Standing Rock protesters block railroad tracks in Bellingham
Protesters blocked railroad tracks near downtown Bellingham on Tuesday to show solidarity with the Standing Rock Sioux tribe in its fight against the Dakota Access pipeline.
The protest was part of a national day of action that included demonstrations across the country, from California to Vermont.
The Bellingham demonstration began at 1:30 p.m. in Laurel Park, where protesters gathered before marching to the intersection of Chestnut Street and Central Avenue. As a crowd massed near the railroad tracks at the intersection, supporters in fluorescent vests blocked traffic from using Central Avenue between Holly and Chestnut streets.
Beth Brownfield and Peter Holcomb, both from Bellingham and both 75, locked hands inside a tube and sat in chairs on top of the railroad tracks. Both said they were protesting the use of fossil fuels, an issue they said affects everyone.
“The burning of it, the shipping of it, it’s all connected to all of us,” Brownfield said. “We just need to realize that connection and that we’re all related.”
Holcomb said he felt he was doing his part to protect the earth from “pipelines of poison.”
In addition to the Dakota Access pipeline, the group sought to decry other developments around the state, including proposed crude oil terminals in Vancouver, Wash., and another on Grays Harbor.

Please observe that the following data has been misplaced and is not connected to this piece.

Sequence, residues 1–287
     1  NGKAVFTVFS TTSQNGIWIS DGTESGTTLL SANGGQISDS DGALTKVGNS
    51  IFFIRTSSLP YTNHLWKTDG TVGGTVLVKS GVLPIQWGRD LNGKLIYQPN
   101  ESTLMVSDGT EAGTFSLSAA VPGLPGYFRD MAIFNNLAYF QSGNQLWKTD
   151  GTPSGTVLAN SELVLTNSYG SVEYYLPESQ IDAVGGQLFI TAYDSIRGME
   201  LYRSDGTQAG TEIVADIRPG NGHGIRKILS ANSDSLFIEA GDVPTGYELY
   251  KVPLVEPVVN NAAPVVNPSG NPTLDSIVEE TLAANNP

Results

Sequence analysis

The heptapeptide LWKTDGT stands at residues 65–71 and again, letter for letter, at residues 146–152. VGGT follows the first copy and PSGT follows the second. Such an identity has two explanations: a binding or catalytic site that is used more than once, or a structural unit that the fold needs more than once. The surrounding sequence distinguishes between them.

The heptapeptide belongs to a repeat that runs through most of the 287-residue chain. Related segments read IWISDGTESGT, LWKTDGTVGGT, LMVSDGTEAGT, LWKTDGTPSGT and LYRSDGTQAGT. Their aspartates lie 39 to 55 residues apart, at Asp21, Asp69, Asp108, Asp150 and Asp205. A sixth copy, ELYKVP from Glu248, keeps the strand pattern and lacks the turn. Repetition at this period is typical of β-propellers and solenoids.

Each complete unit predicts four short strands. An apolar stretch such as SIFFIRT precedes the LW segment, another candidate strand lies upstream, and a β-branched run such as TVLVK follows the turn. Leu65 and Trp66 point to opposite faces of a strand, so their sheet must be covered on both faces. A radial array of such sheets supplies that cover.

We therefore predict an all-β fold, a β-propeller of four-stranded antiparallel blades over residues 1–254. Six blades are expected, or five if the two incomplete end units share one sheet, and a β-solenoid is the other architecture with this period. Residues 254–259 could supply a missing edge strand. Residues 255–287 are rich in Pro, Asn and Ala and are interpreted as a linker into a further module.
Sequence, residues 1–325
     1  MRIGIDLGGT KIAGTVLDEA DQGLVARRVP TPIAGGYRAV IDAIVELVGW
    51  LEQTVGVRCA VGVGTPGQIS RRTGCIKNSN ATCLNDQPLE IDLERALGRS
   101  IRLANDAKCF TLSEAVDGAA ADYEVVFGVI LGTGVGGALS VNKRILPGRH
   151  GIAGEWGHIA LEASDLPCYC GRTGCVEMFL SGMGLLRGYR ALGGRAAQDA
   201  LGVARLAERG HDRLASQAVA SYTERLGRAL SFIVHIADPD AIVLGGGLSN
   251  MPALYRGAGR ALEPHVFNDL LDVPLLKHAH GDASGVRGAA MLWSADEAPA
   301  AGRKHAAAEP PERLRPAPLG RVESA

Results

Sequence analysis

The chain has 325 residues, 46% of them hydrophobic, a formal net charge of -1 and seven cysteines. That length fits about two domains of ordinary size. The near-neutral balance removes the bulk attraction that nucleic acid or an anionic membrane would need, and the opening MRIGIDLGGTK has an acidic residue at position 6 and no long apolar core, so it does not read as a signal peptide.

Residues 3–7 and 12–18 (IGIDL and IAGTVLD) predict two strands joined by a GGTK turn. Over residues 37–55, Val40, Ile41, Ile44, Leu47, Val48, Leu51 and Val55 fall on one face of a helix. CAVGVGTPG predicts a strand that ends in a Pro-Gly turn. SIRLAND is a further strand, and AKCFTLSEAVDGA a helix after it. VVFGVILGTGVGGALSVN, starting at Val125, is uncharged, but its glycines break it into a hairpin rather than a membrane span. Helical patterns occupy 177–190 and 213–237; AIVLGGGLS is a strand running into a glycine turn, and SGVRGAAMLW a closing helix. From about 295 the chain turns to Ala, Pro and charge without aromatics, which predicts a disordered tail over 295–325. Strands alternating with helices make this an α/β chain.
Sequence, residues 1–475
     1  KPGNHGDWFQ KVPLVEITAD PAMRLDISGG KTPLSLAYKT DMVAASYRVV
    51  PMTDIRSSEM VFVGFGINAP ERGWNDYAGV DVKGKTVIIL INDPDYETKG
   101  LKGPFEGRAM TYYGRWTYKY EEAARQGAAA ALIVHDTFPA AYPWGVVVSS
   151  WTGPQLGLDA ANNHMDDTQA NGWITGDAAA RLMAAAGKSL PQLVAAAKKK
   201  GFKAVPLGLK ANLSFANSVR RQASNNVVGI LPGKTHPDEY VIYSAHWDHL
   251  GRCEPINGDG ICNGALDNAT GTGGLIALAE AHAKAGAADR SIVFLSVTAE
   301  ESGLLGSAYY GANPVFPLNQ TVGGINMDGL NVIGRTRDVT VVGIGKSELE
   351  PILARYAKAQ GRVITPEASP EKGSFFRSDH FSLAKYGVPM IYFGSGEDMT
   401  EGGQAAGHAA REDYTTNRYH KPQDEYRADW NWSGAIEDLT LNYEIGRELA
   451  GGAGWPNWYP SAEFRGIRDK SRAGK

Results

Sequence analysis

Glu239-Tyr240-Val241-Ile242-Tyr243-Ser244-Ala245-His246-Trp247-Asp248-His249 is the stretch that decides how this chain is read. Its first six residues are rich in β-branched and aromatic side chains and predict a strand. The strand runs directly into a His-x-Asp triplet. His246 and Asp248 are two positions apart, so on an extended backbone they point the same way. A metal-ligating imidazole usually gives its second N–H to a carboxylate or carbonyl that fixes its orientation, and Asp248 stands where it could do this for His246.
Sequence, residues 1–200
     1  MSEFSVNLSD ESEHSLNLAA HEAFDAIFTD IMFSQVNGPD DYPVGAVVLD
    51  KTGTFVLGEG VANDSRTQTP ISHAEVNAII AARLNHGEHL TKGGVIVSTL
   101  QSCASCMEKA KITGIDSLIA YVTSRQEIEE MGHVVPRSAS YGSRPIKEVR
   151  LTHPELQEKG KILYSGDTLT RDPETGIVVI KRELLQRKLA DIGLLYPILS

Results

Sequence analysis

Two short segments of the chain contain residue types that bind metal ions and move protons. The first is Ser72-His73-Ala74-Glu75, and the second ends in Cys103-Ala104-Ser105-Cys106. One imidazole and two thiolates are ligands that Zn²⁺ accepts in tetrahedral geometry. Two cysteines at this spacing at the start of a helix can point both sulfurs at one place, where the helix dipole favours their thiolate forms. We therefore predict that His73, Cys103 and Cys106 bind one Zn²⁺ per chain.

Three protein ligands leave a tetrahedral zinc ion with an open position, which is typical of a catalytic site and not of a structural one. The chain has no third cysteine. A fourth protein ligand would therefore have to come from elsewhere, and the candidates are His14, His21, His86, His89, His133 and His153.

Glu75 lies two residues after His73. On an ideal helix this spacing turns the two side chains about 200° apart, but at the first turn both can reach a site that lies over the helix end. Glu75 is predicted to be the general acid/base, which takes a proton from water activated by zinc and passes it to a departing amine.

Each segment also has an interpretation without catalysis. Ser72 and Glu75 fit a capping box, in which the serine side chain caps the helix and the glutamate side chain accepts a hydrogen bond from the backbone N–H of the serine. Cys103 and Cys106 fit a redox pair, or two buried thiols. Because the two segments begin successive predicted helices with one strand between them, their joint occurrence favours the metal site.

The group left the intersection near sundown and no arrests were made.
The $3.8 billion Dakota Access pipeline is to carry North Dakota oil to a shipping point in Illinois. The tribe has said the pipeline threatens drinking water and cultural sites.
Twenty-eight protesters were arrested west of Mandan, North Dakota. Morton County sheriff’s spokesman Rob Keller says about 400 protesters put a pickup and tree branches on BNSF Railway tracks Tuesday near a pipeline work staging area.
The railroad said trains were delayed three hours. Officers in riot gear used pepper spray and in one instance a stun gun against protesters who refused to leave.
Energy Transfer Partners, the company building the Dakota Access pipeline, is seeking a federal court’s permission to lay pipe under a Missouri River reservoir in North Dakota and finish the four-state project.
On Monday, the Army Corps of Engineers called for more study and input from the Standing Rock Sioux before it decides whether to allow the pipeline to cross under Lake Oahe.